Ancient Freemason order casts web wide seeking young blood

Grand Master Robert Parsons, seated, with Deputy Grand Master Stephen Mikalak in the Grand Lodge on North Tce. Picture: Naomi Jellicoe.

While Mr Parsons said it was  not a secret organisation, there were some things they kept to themselves. | May 18, 2012

by Tom Bowden

GOOGLE “Freemasonry” and you’re likely to find a host of websites about conspiracies, secrecy and the illuminati.

But the truth, according to the Freemasons, is that the group is about symbols, rituals, allegories and metaphors that help men live a better life.

South Australia and Northern Territory Grand Lodge Grand Master Robert Parsons and Deputy Grand Master Stephen Michalak say that far from being a secret society, the Freemasons simply has an image problem.

They are now focusing on ways to attract younger members keen to give back to their community.

“In the past, going back 10 or 15 years, I believe, in our attempts to attract men to Freemasonry, we’ve been too old-fashioned,” said Mr Parsons, who has been a Freemason since 1968.

“We have not kept up with the times inasmuch as the way to go about it,” he said.

“Now we are experiencing a good influx of men, both young and older, who are joining and it’s because we have changed our ways with technology.

“It’s about time that we did and up until about three years ago we were struggling – we’re still struggling as far as membership goes – but it has increased quite considerably over the past couple of years.”

Building foreman Jarrod Acres, 25, who joined two months ago, said he wanted to give back to the community.

“One comment that really resounded with me was that it makes good men great,” he said. “It’s the reason I joined a football club or the reason anybody joins any group is just  because they want to be  a  part of something bigger  than themselves.”

Disability employment service worker Peter Berekally, 29, said Freemasonry was not a religion but a secular and inclusive group of men.

“You’ve got this mentality where you want to help and I think that’s why many of us are attracted to masonry because it gives us the opportunity to channel that,” he said.

Freemasons have existed in South Australia since 1836. Prominent members have included former governor Sir Eric Neal, chief justices such as the first Grand Master, Sir  Samuel Way, and busi- ness leaders Owen Redman and Allan Scott.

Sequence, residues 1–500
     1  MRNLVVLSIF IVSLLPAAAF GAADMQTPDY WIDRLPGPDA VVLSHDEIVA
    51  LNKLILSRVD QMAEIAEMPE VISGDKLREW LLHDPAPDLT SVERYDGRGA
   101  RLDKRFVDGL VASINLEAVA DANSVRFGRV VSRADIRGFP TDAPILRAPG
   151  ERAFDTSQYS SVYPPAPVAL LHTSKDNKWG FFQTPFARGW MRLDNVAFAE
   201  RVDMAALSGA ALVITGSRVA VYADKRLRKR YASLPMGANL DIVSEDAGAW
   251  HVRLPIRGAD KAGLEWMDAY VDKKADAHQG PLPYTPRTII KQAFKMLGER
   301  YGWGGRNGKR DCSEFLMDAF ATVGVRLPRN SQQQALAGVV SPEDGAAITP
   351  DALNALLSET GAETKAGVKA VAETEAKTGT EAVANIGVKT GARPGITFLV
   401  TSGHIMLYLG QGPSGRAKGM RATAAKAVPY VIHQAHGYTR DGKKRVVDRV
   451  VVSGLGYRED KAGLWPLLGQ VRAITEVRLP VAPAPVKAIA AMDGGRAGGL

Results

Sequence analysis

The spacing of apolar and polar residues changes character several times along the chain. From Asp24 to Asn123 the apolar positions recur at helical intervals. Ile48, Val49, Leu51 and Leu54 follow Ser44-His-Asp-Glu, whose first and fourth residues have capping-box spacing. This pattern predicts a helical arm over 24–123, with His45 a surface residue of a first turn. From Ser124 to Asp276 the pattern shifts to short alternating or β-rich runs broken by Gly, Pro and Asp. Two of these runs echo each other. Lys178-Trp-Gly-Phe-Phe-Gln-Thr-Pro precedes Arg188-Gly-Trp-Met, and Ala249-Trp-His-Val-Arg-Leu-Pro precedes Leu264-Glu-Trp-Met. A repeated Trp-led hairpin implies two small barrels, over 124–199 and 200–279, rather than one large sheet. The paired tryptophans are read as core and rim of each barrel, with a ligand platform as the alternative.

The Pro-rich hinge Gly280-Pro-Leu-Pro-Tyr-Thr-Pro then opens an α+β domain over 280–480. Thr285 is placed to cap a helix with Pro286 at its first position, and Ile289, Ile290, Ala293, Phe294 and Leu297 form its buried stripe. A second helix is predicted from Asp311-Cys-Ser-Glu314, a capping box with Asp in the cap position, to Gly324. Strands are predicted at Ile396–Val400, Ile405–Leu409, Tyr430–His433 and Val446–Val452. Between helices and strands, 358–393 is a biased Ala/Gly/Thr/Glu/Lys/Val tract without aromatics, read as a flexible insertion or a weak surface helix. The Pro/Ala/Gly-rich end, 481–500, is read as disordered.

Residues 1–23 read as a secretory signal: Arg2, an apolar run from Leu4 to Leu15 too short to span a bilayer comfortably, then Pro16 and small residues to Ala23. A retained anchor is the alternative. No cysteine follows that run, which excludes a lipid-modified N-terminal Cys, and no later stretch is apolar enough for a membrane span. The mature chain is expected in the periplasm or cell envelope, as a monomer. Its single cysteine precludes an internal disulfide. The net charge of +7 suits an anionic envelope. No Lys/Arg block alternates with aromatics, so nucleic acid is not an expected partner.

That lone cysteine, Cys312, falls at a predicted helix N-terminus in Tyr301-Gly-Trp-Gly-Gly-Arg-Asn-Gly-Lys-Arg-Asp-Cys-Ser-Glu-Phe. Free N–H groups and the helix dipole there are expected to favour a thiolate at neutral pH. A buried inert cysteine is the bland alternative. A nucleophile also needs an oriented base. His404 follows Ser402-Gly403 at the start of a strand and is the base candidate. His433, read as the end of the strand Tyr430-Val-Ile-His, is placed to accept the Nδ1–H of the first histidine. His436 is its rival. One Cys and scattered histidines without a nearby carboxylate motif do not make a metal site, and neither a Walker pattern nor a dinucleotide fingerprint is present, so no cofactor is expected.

At its peak, there were more than 27,000 registered South Australian Freemasons.

So exactly what are Freemasons and what do they do?

“We’re normal people,” Mr Parsons said.

“It’s just being with people that you know are like-minded – they have the same principles, the same family values and you know  when you meet a Freemason that he’s an honest and upright person.”

While Mr Parsons said it was  not a secret organisation, there were some things they kept to themselves.

“We are an organisation that has a few secrets, and that sort of expression has been used a great deal, and we keep that within our organisation,” Mr Parsons said.

“Those secrets are mainly methods of recognition and some signs that we use and, yes, there is that mystique.”

Mr Parsons said Freemasonry’s mystique was a blessing and a curse.

“This doesn’t do us any harm as long as we make it clear we’re not behind closed doors doing stupid things,” he said.

“Our organisation is about 300  years old and there have been rumours about Freemasons doing the wrong thing.

“But a lot of the religions of  old regarded us as a religion – and therefore competition for  them.

“There’s no truth in any of the things that you hear from time to time, as far as I’m aware – going back 200 years it might have been something, but I don’t know.”

The “craft” of Freemasonry involves ceremonial rituals – allegorical teachings of how to be a better father, husband and member of society.

Masons study three ritualistic degrees – the entered apprentice, the fellow craft and the master mason degrees.

Each degree relates to a step  of character development, says Mr Michalak, who has risen to the role of Deputy Grand Master in just 12 years.

“The first ritual talks a lot about the basics of life … and in the second degree we talk more about the intellect – the things that we as adults get involved in,” he said.

“The third degree is really about preparations for our last moments of life … and it reminds us to live our lives as best as we can as a preparation for that moment.”

Mr Michalak said the principles of Freemasonry were simple. “We use the symbolic tools of the stonemasons of old and these are metaphors of how we should live,” he said.

The set square reminds masons of the importance of squaring actions away, the chisel to smooth off a person’s rough edges and the compass represents a person’s “circle of attainment”.

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